Chinese culture is one of gratitude, honour, and formalities. When speaking Chinese, it is very important to be polite in a culturally appropriate way. For this reason, you’ve got to know how to say “thank you” in Chinese, not just in the most basic sense, but with the best responses to various situations.
While you are learning all the ways to say “thank you” in Chinese, keep in mind that in Chinese culture, actions speak louder than words, so if you are truly grateful, make it up to them by returning the favor when you can.
How to say “thank you” in Chinese when someone did you a favor
谢谢 (xiè.xiè) | thank you
This is the most basic and standard way to say “thank you” in Chinese which you’ve probably heard of before. 谢谢 can be used in most situations where you want to express gratitude and appreciate someone’s help.
谢谢你 (xiè.xiè nǐ) | thank you
This is exactly the same as 谢谢 but with a bit more emphasis on the person you are thanking. You can also say 谢谢你们 (xiè.xiè nǐ.mén) if you are addressing multiple people, or 谢谢您 (xiè.xiè nín) if you are in a more formal setting.
谢谢大家 (xiè.xiè dá.jiā) | thank you all
This is what you would say if you were addressing a sizeable group of people such as an audience. It is common to hear this after presentations or speeches.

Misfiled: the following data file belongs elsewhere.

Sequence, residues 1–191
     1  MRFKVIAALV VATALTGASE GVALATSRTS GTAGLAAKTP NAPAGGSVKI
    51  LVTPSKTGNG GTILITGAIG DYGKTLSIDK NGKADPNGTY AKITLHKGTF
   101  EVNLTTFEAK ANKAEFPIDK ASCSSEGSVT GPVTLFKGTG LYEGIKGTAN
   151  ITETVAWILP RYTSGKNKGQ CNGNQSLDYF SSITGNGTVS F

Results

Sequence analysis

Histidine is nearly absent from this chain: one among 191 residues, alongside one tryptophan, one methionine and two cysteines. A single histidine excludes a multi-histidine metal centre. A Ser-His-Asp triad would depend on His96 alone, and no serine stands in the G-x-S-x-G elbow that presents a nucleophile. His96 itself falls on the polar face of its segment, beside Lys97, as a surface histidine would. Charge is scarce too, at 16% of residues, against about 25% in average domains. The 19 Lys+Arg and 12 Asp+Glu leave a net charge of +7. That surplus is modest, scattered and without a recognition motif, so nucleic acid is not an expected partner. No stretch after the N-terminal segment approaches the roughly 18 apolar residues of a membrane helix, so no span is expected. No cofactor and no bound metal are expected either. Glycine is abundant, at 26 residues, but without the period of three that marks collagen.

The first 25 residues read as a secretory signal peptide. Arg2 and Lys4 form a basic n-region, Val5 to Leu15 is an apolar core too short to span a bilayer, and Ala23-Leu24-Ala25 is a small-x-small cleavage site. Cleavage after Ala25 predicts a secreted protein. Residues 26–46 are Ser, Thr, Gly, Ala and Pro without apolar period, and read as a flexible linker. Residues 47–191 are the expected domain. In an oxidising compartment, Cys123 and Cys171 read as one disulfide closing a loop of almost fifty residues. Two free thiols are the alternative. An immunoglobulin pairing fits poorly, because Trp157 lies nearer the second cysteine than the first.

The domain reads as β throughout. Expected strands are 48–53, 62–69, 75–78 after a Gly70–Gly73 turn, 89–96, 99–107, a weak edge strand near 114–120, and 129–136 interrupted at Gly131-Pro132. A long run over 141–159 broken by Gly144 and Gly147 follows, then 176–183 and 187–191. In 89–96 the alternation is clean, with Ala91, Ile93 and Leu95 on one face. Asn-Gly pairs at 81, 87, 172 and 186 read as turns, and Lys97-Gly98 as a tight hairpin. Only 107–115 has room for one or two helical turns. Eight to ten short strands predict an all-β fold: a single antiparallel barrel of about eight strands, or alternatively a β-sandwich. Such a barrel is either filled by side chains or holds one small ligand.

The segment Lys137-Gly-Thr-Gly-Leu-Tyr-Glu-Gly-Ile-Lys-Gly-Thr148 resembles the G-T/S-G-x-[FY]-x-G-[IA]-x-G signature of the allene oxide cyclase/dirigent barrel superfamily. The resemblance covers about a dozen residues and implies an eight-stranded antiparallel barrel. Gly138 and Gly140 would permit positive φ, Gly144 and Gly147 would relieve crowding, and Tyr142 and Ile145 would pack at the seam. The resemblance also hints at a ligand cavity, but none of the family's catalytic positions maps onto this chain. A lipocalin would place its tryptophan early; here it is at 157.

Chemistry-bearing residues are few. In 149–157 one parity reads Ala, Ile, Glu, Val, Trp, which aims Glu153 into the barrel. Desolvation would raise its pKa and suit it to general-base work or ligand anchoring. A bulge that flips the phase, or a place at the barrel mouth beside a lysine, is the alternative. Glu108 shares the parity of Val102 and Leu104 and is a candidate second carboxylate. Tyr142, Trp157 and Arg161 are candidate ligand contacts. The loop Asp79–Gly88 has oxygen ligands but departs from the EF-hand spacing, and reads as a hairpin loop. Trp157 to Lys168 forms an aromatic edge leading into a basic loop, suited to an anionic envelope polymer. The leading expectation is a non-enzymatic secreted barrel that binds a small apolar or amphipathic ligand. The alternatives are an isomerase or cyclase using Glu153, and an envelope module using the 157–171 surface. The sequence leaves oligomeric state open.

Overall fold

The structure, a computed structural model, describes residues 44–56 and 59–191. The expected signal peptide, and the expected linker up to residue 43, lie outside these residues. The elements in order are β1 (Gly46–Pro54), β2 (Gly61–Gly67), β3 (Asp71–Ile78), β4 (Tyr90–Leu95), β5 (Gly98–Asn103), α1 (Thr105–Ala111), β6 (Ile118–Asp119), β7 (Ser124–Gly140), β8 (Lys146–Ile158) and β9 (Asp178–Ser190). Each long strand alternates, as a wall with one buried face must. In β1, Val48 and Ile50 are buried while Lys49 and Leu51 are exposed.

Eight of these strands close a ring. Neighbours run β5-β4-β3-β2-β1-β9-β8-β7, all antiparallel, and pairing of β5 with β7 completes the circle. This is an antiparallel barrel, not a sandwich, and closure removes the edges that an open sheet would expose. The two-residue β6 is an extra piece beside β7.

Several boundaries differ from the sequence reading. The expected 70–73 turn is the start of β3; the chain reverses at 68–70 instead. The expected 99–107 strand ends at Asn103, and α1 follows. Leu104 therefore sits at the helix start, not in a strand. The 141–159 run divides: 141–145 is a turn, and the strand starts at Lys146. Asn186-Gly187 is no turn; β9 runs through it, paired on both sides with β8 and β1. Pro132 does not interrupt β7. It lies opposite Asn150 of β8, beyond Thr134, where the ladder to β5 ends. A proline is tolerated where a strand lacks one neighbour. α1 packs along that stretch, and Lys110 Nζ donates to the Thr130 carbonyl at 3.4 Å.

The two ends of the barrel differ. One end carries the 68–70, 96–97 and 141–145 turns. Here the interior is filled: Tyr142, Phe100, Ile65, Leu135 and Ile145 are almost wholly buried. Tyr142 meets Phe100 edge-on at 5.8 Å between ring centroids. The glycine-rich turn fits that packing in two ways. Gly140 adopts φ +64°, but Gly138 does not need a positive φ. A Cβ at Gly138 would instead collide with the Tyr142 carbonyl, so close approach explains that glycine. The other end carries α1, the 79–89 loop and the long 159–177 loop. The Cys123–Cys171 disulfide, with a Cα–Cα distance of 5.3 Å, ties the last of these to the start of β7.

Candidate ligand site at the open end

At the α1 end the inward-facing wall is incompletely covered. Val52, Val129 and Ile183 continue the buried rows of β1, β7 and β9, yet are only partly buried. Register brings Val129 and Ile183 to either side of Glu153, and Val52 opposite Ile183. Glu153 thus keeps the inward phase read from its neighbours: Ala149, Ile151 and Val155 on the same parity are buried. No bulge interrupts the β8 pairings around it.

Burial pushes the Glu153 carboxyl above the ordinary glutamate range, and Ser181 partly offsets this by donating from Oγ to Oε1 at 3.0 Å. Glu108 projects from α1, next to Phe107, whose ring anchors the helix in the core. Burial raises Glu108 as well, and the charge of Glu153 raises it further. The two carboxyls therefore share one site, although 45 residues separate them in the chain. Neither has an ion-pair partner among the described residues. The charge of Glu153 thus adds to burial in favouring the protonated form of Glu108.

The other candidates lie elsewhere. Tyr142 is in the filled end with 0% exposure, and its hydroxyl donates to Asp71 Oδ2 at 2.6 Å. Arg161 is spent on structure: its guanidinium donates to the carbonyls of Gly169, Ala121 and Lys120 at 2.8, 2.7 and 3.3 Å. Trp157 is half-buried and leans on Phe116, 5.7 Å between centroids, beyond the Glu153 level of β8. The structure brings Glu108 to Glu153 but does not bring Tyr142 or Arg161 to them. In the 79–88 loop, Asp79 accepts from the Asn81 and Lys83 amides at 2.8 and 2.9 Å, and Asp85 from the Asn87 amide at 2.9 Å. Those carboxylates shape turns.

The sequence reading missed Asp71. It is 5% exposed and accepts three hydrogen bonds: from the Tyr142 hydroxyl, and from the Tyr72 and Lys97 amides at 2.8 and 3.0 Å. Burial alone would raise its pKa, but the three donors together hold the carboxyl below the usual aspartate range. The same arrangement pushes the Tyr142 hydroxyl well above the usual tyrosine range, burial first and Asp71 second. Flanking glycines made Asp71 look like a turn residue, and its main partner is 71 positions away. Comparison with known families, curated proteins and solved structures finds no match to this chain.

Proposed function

How to say “thank you” in casual Chinese
谢了(xiè.le) | thanks
This is a quick, super informal way to express thanks between friends. This is often used in txt language where short words and phrases are favored.
多谢 (duō.xiè) | thanks heaps
多 literally means “many”, so 多谢 is a quick and casual way to say “many thanks”.
How to say “I’m grateful” in Chinese – an alternative to “thank you”
If you want to add some variety to your vocabulary and use something different to the standard 谢谢, another way to say thank you in Chinese is by saying the equivalent of “I’m grateful”.
感恩 (gǎn.ēn) | grateful
Literally meaning grateful or owing, 感恩 is similar to saying “I owe you one” in English. It’s a way of expressing gratitude while also expressing that you intend to pay the other person back somehow.
感谢 (gǎn.xiè) | grateful
This is a way to say thank you in Chinese which puts emphasis on how grateful you are, while also expressly states thankfulness.
More intense ways to say “thank you” in Chinese
These are ways to say thank you when someone has done you a huge favor or given you something they really didn’t have to. If you want to make sure the person really knows you’re grateful, you might want something a bit stronger than just 谢谢. All of these are the equivalent of something like “thank you very much” in English.
非常谢谢 (fēi.cháng xiè.xiè) | extreme thanks
太谢谢你了(tài xiè.xiè nǐ le) | thank you “too much”
你太好了 (nǐ tài hǎo le) | you’re too good
How to say “thank you” in Chinese when someone has got you a gift
Firstly, in Chinese culture, it is normal to reject a gift a few times before you gratefully accept it. So if you receive a gift, you can try to give it back to the gift giver a few times, saying something like:
你太客气了(nǐ tài kèqì le) | you are too polite / you shouldn’t have
你不需要给我送礼 (nǐ bù xùyào gěi wǒ sòng lì) | you didn’t need to get me a gift
To know more about gift giving in Chinese culture, check out this post.